CINCINNATI (AP) — For the first time this season, Paul Brown Stadium will be filled. That says it all about the unbeaten Bengals’ next game.
Even though they’ve been very impressive while going 4-0, they’ve yet to catch everyone’s imagination and stamp themselves as an elite team. After four straight first-round playoff losses, their legacy is defined not by October but by January.
Still, a win on Sunday over the two-time NFC champion Seahawks (2-2) would go a long way in redefining them.
“We’re getting tired of not getting over that hump,” cornerback Dre Kirkpatrick said. “It gets frustrating, the criticism that people have brought to us.”
Here’s their chance to end some of it. They’ve got a lot in their favor as they host a Seattle team hasn’t looked like a back-to-back Super Bowl participant so far.
The Seahawks needed a late turnover and a non-call to beat the Lions 13-10 on Monday night and avoid a 1-3 start. Kam Chancellor stripped the ball from Calvin Johnson as he neared the goal line, and K.J. Wright knocked the ball out of the end zone — an illegal move that wasn’t flagged.
Seattle’s defense has been championship caliber, allowing no touchdowns and only one field goal in opponents’ past 20 possessions. Perhaps its best test yet is against Andy Dalton, who is second in the NFL with a 123 passer rating, trailing only Aaron Rodgers at 125.9.
Dalton has been the NFL’s most productive passer in the fourth quarter and on third down, a main reason why the Bengals are still unbeaten.
Now, it’s the NFL’s second-ranked offense against the second-ranked defense.
“We’ve just played really good football, and the guys are starting to get that feeling,” coach Pete Carroll said. “It takes time to develop and get that sense, but they really are starting to get that feeling. Now here we go with the best challenge in the NFL, so we’ll see what that all means.”
Five things to watch at Paul Brown Stadium:
DALTON’S ASCENT: Dalton is playing with more confidence than at any point in his five-year career. He’s got plenty of options, with a receiver group that’s deep and versatile. Running backs Jeremy Hill and Giovani Bernard complement each other with their different styles. If Dalton keeps playing virtually mistake-free, the Bengals could run away with the AFC North, which they currently lead by two games.
“Regardless of what’s being said — obviously, you want people talking good about you rather than talking bad about you, that’s natural,” Dalton said. “But it doesn’t matter right now. We’re 4-0, things are good, let’s have them be talking this way come December, January, February.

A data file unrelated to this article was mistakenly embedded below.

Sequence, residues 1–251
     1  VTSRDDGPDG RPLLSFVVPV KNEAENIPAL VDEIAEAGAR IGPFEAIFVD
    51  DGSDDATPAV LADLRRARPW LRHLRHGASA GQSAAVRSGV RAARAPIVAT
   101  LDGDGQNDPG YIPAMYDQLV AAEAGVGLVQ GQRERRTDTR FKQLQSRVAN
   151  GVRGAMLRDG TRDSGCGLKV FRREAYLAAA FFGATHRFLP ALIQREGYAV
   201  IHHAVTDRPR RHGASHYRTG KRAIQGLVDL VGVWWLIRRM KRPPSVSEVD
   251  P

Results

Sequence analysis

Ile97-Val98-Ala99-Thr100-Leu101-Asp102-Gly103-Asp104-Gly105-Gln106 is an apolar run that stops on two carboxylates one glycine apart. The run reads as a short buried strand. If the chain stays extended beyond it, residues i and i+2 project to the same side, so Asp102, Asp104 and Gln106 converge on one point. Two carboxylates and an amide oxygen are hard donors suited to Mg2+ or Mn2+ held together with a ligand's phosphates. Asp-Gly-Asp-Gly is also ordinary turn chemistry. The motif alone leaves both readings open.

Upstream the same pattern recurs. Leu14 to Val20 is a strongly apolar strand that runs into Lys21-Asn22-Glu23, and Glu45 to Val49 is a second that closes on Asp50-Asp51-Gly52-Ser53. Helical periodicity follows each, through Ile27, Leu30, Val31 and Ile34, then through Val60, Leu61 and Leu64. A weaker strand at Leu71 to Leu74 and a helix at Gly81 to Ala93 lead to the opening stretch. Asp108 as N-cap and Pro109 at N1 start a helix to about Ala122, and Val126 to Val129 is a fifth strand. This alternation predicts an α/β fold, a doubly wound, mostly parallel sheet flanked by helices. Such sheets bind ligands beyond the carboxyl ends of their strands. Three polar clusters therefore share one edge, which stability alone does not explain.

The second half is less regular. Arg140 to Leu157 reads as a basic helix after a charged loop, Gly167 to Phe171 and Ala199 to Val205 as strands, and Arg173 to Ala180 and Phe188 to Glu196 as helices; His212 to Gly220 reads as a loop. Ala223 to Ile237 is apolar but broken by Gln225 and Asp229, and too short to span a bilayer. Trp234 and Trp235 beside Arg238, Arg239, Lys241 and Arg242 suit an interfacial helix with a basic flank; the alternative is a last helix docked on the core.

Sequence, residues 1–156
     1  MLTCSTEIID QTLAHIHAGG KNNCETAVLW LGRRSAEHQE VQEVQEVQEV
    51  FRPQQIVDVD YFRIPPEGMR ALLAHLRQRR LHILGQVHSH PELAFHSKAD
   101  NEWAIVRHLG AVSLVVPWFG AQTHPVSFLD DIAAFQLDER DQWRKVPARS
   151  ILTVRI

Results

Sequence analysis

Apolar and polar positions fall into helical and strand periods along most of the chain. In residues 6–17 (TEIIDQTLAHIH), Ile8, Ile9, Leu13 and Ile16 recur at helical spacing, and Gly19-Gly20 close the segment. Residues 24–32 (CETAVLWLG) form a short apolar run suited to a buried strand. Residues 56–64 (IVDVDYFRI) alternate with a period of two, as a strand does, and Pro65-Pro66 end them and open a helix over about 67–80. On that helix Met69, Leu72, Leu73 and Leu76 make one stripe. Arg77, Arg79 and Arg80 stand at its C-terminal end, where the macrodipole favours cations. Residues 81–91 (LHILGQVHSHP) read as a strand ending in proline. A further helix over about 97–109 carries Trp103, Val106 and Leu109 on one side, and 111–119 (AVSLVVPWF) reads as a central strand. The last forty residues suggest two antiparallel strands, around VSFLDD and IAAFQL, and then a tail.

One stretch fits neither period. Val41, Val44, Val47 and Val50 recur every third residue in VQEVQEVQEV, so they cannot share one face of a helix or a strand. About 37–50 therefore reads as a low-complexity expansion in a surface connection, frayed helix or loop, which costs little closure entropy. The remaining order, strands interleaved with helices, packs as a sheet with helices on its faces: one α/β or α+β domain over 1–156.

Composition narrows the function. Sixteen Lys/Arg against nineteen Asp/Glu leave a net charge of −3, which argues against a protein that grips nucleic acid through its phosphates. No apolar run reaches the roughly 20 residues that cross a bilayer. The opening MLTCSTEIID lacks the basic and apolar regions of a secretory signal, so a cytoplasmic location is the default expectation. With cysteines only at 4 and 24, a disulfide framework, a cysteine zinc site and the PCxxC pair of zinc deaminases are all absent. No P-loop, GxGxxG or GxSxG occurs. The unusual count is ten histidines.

FAST START: The Bengals have opened seasons with five wins only twice in their history. They did it in 1975, when they started 6-0 and reached the playoffs for the third time in franchise history. They also did it in 1988, when they also started 6-0 and went to the Super Bowl for the second time and lost to San Francisco.
PICKING IT OFF: Even though Seattle’s defense has been so stingy, it has yet to get an interception. The Seahawks are one of three NFL teams without one. Dalton has thrown only one interception in four games.
“There’s no concern about that,” cornerback Richard Sherman said of the lack of interceptions. “They come when they come. As long as we’re keeping points off the board, we couldn’t care less.”
SHERMAN VS. GREEN: Sherman’s first career start came in 2011 against Cincinnati. Sherman had an interception and defended three passes — a game he later admitted playing with a concussion — but got most of the attention for his unflattering comments about A.J. Green afterward, saying he was overrated and ran poor routes.
“Obviously, I was hyped up that day,” Sherman said this week. “I’m always hyped up after the game. We’ve had conversations, and his resume speaks for itself. He’s had a fantastic four or five years since we’ve played him, so you have to give him all the respect.”
BLOCK SOMEBODY: Seattle’s offensive line is a huge concern. Russell Wilson was sacked six times by Detroit and has been dropped 18 times in four games. Seattle overhauled the line in the offseason, but it hasn’t been able to protect Wilson or get the running game going consistently.
“We’re continuing to work through the process with those guys,” offensive coordinator Darrell Bevell said. “We like where they’re at, but obviously we need them to continue to grow.”